1. The loan guarantee does not take control of public finances away from the Government, nor change arrangements as set out in the Constitution. The UK Government has no intention that control of the management of public finances be transferred to the RDA. The RDA is an agency of the Government of the Virgin Islands, established by legislation passed by the House of Assembly for a precise purpose, set out in the Recovery and Development Agency Act, 2018. The RDA operates with Ministries, to regulations agreed by the Virgin Islands’ Cabinet, such as those designed to protect and build the capability of local contractors and suppliers. I assented to the Virgin Islands Recovery and Development Agency Act on 12 April 2018, as the Virgin Islands Government’s legal view was clear that it does not conflict in any way with the Constitution.
2. The UK conditions do not mandate that Government’s fiscal management (revenue or surplus), nor money from insurance settlements, must be deposited in the Recovery and Development Agency Trust. Government fiscal management and proceeds from insurance and other government revenue is for the Government of the Virgin Islands to decide how best to spend. The UK has only specified that investments and contributions (borrowing and donations) for recovery are financially managed by the RDA. This is clearly reflected in the Recovery and Development Agency Act, 2018.
3. The expectation is that any money borrowed under the UK loan guarantee will be used to fund BVI’s Recovery to Development Plan. The plan is not the UK’s plan. The plan was developed by the Premier’s Office in consultation with each of the Ministries and with the public, and has been agreed by the Cabinet of the Virgin Islands and the House of Assembly.
4. Loans would not come from the UK Government, they would likely be from private banks. Under the UK guarantee, banks will offer BVI lower interest rates, saving BVI vital money. Depending on how much the Government chooses to borrow, this difference in interest payments could amount to tens of millions of dollars.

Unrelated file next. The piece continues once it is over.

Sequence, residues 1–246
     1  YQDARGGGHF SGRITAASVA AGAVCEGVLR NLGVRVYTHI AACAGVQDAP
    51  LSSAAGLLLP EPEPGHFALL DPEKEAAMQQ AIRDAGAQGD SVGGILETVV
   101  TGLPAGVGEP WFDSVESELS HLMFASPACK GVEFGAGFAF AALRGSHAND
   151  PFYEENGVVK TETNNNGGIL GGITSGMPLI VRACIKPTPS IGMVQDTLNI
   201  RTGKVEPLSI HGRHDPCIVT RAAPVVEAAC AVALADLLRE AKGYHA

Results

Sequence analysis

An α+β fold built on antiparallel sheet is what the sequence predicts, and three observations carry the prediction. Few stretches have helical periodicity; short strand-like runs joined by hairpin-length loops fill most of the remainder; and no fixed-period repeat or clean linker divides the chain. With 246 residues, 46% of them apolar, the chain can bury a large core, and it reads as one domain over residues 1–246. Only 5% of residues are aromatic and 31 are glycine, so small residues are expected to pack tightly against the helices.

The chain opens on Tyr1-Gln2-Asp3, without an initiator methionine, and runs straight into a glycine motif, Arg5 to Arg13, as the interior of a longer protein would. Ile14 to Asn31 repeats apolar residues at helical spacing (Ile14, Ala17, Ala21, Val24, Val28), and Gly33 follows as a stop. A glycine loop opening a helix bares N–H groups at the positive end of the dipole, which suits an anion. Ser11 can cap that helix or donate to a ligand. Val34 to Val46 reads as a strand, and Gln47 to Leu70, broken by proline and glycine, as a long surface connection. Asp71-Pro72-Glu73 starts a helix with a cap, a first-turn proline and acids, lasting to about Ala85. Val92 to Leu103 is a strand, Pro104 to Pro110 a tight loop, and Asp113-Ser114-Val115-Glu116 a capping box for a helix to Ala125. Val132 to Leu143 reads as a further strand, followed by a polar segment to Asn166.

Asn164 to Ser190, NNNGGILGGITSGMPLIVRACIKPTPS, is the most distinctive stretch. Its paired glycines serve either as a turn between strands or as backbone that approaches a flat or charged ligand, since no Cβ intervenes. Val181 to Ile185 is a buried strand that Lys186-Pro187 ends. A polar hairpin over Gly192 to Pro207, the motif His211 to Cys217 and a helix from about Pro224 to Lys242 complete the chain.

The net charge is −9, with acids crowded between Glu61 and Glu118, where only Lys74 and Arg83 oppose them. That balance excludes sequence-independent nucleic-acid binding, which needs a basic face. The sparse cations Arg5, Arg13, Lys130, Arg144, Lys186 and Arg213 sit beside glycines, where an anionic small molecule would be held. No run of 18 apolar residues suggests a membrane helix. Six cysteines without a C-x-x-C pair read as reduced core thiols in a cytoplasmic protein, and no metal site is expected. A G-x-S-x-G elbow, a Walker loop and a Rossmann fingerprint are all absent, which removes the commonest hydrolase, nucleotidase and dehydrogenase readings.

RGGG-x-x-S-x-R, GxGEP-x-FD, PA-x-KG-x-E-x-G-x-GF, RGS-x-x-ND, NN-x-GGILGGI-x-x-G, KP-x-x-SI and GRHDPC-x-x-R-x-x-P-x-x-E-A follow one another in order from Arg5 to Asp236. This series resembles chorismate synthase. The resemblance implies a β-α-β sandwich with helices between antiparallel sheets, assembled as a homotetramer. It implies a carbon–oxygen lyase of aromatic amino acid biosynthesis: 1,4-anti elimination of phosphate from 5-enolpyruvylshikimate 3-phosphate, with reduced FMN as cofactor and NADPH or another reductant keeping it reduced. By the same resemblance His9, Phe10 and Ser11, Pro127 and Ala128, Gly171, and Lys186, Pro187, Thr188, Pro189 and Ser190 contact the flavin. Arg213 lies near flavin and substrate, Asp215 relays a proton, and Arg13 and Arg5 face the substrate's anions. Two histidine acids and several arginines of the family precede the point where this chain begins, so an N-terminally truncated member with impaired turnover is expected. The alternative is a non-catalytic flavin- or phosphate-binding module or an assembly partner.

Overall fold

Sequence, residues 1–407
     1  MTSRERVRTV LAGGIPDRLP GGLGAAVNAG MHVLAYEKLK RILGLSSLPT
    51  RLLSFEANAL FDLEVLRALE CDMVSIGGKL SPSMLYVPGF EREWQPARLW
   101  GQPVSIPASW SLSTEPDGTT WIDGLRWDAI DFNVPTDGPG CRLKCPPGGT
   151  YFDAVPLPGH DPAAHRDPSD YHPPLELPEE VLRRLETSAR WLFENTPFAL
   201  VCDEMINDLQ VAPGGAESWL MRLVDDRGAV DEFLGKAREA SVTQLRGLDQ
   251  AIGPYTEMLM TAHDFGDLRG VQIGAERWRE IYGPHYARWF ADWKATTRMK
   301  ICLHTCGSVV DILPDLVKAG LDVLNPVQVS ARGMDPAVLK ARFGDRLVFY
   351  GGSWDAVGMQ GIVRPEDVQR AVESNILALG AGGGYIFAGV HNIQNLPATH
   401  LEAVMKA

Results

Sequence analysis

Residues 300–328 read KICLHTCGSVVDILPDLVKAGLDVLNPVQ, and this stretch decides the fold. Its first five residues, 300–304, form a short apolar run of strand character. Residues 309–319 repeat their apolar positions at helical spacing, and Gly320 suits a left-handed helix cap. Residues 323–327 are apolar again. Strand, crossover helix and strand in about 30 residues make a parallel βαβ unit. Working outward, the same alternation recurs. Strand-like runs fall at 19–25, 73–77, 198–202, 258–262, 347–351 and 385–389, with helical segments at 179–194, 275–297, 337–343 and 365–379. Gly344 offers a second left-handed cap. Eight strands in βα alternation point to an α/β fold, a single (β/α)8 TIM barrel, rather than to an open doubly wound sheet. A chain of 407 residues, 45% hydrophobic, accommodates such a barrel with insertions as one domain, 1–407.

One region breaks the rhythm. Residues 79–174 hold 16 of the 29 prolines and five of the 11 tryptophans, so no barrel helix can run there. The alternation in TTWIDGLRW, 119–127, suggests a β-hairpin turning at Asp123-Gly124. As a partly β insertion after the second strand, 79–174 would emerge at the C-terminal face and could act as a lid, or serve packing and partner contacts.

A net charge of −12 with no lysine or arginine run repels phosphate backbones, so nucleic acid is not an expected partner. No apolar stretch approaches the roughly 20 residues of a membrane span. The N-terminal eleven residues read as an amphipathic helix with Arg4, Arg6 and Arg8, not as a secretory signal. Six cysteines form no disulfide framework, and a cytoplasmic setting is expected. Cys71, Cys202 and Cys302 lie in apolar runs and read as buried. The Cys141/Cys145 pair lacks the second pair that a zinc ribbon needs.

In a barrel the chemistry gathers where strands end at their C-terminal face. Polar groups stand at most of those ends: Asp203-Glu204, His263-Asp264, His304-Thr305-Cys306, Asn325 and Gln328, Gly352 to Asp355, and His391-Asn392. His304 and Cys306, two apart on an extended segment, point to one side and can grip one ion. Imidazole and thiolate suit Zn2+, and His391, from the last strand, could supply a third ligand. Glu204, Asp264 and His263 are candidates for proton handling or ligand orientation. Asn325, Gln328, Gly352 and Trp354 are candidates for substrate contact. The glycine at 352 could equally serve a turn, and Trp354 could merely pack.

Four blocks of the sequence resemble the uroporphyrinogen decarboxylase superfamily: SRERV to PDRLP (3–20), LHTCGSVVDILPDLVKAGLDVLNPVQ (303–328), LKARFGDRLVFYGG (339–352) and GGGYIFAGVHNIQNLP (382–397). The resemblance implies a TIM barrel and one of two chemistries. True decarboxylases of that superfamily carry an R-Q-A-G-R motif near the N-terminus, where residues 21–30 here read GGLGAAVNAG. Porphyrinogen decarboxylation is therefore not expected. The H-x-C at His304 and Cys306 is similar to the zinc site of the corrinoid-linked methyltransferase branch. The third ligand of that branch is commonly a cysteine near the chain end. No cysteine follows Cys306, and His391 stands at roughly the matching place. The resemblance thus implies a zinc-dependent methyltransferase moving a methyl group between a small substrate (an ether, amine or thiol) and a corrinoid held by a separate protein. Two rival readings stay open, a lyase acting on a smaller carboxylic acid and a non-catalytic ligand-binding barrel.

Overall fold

5. The UK Government has acknowledged that any new borrowing could cause the Government of the Virgin Islands to remain temporarily out of compliance with the existing borrowing ratios under the Protocols for Effective Financial Management. The very offer of a loan guarantee is an indication by the UK Government that if the Government of the Virgin Islands’ analysis shows that it will breach the borrowing ratios, the UK Government would consider proposals for an extended date to return to compliance and it has made clear that there are already arrangements under the Protocols for Effective Financial Management to do just that.
The UK Government’s loan guarantee offer is part of a package intended to help BVI recover in the most cost effective and sustainable way possible, for the benefit of all people in the Territory. As the two year anniversary of Hurricane Irma approaches, whether the Government of the Virgin Islands decides to take, or not, the offer of a loan guarantee, I am pleased that the Premier is prioritising the resolution of this issue.
I applaud the recovery work that has been undertaken already by the public service, businesses, communities and voluntary organisations and hope that the Territory can now make even more much needed progress. The Territory and its people continue to have my unwavering support as we recover and develop.